Geo-blocking Bullshit

I am a fan of the band Animal Collective.  Today, (for the nth time) I looked up their latest album on emusic.com and got this:
We're sorry. This album is unavailable for download in your country (Canada) at this time. We apologize for any inconvenience this may cause.
I've complained directly about this before.  Once to an artist.  They didn't respond.  Another  sent to emusic who were kind enough to send this corporate bullshit speak:
eMusic shares in your frustration with the inability of international customers to access all of the content offered on our site.   Many labels sign geographic-based distribution deals that limit worldwide distribution of a particular album.  That is the reason that some albums are available worldwide while others are limited to certain geographic regions.
So to whoever is responsible for this sorry state of affairs.  You are retarded.

I suppose I could get off my ass and buy the CD in a store.  Not likely.  Turns out there aren't that many stores that have interesting CDs in them anymore.  The cool ones that do are in the city getting to them is a full-on event.  I could buy from iTunes.  Not.  Won't on principle.  Between DRM and their pricing I'm just not interested.  I could torrent/steal it.  Not.  I'm an adult now and I think it's ok to pay for music.

I get 100 tracks per month (subscription) from emusic.  Honestly, I have trouble absorbing them all.  Between working for a living, working on my own stuff, listening to the music of my friends, and commercial music I am practically drowning.

So if you're unwilling to sell me your album, that's just fucking fine.  You will not be missed.


It's Neu To Me

A couple of years ago I walked into my favourite indie hipster CD shop and as was often the case, something cool was playing. Of course, I had to ask and pretty soon I was the proud owner of a Manual by Appliance. The track that grabbed my ear was Food Music. Didn't think too much about it, just liked it.

Fast forward to earlier this month, when I recently watched a documentary called Krautrock: The Rebirth of Germany. I hear this band from the early 70s called Neu! and I'm hooked. One of the tracks the documentarians used was Hallogallo. There's that sound again. And it hits me. This was one of the roots of much of the music I've been listening to since I was a teen! David Bowie (from his Low period), Sonic Youth, Iggy Pop, Pere Ubu, Joy Division (the list goes on) have all drunk from this well.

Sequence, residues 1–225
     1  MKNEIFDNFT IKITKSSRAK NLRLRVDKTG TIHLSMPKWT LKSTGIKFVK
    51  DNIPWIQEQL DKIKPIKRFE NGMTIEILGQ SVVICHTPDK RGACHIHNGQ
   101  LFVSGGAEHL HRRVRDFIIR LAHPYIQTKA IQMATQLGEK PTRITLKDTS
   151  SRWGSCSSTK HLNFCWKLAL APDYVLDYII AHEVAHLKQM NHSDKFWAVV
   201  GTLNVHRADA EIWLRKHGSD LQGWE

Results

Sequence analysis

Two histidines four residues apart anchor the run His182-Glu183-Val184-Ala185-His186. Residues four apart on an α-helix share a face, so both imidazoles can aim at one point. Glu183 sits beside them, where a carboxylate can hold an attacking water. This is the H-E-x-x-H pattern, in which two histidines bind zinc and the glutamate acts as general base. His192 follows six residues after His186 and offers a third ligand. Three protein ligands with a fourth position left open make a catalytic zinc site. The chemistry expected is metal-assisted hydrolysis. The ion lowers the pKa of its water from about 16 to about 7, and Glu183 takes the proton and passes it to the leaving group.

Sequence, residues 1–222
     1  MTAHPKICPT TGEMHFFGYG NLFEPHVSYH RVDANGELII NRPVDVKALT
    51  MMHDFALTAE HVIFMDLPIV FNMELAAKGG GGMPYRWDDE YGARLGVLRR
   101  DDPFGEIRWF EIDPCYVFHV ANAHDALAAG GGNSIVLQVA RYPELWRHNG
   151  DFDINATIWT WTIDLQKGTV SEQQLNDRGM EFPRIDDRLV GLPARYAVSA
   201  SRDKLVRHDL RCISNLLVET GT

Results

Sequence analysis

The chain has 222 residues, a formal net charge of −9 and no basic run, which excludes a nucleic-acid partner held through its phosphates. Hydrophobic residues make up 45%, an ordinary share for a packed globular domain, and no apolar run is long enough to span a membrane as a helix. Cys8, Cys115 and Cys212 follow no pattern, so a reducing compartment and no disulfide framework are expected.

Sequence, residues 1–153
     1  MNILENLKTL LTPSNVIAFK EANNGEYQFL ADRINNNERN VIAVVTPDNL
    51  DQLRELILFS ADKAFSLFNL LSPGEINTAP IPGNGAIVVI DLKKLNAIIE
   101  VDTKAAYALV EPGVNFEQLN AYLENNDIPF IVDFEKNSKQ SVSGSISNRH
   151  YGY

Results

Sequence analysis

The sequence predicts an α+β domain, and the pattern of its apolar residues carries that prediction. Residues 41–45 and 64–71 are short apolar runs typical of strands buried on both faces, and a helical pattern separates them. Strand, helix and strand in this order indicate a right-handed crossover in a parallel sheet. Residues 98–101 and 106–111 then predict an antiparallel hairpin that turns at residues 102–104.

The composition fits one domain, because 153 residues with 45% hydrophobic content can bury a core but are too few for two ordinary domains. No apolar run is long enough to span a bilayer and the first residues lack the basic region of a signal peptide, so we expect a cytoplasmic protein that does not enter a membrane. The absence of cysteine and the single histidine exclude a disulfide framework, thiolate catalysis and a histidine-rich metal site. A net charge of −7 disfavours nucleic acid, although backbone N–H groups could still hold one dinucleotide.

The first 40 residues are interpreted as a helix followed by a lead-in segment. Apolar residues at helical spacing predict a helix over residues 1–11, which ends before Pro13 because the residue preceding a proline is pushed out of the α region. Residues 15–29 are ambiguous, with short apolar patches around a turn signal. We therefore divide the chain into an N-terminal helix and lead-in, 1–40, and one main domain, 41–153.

You've probably heard somewhere that rock music has its roots in the blues. But a lot of modern music has no blues. How did that happen? We've been fed this stuff about young punks rejecting the big established acts. As is often true, it's probably not quite that simple. In their attempt to sound neither American nor British, the young German bands of the 70s forged a new sound. And in hindsight, that influence on the rest of "modern rock" seems profound.

So now I'm busily filling this massive gap in my music "education" and wonder about the numerous forces that have kept me ignorant all these years. Probably was just the force between my ears.


Warning: Extreme Introspection

A lifetime ago, my friends and I would spend time talking heavy. One of the topics, since we were listening to what others might have described as depressing music (Cure, Bauhaus, Smiths), was did you need to be unhappy to create good music.

Well, I can't speak to good music but last week my dog, Bear, died. I was completely unprepared for the intensity of the shock and grief I felt. I and my family were (are still) devastated. For three days, I could not bring myself to touch my guitar.

For me, I now know that unhappiness, in the extreme, kills creativity (apparently not for my daughter who took a number of wonderful photographs).

This weekend, exactly one week almost to the hour when it happened I recorded Grief. I'm not sure it qualifies as good or how it comes across. But I can tell you that I was weeping as I played the last note.

It was cathartic but I remain sad. I also have no desire to play that anymore. Right now I cannot imagine how Clapton could sing about his son night after night.

For the rest of the weekend, I spent as much time as I could wangle hiding out in the Lab making music. Which leads to the conclusion that mid-grade unhappiness seems to be good for creativity.

What about other parts of the emotional landscape?